Yet the West’s political and media establishments have time and again proved themselves unable and unwilling to ask such uncomfortably far-reaching questions. Central as the causes of this epochal failure are to my argument, in the scope of this article I can do little more than enumerate them.

The last serious effort in the West’s century-long struggle to apprehend and reverse the global advance of totalitarianism coincided with the Reagan presidency. At that time, it was still possible for a detached observer such as myself to find a common language with the times, if only because the context of the debate left blank some tolerably wide margins. Even in Washington, but certainly in London in those years, to be marginalized for criticizing the political, military, or intelligence establishment—for their myopia, their wishful thinking, and their overall inability to understand or to cope with the Soviet threat—did not mean to be summarily silenced. It meant being a dissident, with all the advantages of being part of a legitimate political and intellectual minority.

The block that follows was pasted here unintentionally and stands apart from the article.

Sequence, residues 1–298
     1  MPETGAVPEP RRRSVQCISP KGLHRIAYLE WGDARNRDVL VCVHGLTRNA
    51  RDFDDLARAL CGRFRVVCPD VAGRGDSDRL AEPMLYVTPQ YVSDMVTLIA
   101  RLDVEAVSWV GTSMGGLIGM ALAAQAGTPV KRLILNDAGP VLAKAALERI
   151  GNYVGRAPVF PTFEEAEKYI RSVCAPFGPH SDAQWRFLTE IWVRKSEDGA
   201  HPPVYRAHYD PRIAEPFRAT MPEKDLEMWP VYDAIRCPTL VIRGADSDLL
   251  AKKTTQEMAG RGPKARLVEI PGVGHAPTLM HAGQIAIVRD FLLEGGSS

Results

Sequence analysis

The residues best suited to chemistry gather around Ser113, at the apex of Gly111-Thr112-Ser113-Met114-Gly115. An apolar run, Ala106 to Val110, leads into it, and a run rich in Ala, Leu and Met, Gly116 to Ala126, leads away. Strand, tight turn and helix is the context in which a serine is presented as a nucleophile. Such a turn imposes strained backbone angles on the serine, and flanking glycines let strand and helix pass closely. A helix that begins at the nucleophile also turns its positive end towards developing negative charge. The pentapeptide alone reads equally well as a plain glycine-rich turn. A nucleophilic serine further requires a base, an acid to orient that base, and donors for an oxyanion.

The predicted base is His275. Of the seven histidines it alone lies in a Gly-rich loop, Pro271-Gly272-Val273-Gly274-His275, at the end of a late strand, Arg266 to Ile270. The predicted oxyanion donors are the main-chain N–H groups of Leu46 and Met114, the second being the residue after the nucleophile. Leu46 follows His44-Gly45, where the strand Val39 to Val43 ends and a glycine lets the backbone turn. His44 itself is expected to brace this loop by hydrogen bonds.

Then everything changed. President Bush’s term in office coincided with the sudden restructuring of totalitarianism in Russia, a geopolitical hurricane that blew away all the trusty signposts upon which a wary West had relied for decades in the absence of any real knowledge or deep understanding of the enemy. Now the dissidents would no longer be heard in the ensuing chorus of jubilant confusion: America’s new foreign policy of self-congratulation did not leave us any margin at all. When, in November 1991, Lord Chalfont addressed tire House of Commons with a plea to reconsider “Options for Change” (Britain’s bumbling way of inaugurating the New World Order and pocketing the “peace dividend”), he was reduced to quoting an article I had written in support of his claim that Russia “still has enormous military power.” When I saw that the defense of the realm hinged on the turn of a lone dissident s pen, I realized that the game was up.